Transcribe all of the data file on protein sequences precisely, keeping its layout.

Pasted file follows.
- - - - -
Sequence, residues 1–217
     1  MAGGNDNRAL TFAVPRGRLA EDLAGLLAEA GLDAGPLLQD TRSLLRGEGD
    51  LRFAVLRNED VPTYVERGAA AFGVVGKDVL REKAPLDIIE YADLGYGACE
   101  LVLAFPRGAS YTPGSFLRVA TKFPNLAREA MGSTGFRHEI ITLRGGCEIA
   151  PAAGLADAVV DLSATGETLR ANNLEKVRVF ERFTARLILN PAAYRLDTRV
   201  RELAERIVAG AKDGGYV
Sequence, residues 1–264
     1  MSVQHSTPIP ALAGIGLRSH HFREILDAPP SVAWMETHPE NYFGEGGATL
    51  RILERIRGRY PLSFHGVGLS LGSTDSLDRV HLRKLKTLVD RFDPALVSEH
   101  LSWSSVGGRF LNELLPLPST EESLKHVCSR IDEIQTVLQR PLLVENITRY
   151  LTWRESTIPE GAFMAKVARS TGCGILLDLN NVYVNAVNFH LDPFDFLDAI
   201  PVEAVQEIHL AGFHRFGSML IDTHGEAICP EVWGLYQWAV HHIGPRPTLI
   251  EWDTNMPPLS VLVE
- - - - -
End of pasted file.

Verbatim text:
Sequence, residues 1–217
     1  MAGGNDNRAL TFAVPRGRLA EDLAGLLAEA GLDAGPLLQD TRSLLRGEGD
    51  LRFAVLRNED VPTYVERGAA AFGVVGKDVL REKAPLDIIE YADLGYGACE
   101  LVLAFPRGAS YTPGSFLRVA TKFPNLAREA MGSTGFRHEI ITLRGGCEIA
   151  PAAGLADAVV DLSATGETLR ANNLEKVRVF ERFTARLILN PAAYRLDTRV
   201  RELAERIVAG AKDGGYV
Sequence, residues 1–264
     1  MSVQHSTPIP ALAGIGLRSH HFREILDAPP SVAWMETHPE NYFGEGGATL
    51  RILERIRGRY PLSFHGVGLS LGSTDSLDRV HLRKLKTLVD RFDPALVSEH
   101  LSWSSVGGRF LNELLPLPST EESLKHVCSR IDEIQTVLQR PLLVENITRY
   151  LTWRESTIPE GAFMAKVARS TGCGILLDLN NVYVNAVNFH LDPFDFLDAI
   201  PVEAVQEIHL AGFHRFGSML IDTHGEAICP EVWGLYQWAV HHIGPRPTLI
   251  EWDTNMPPLS VLVE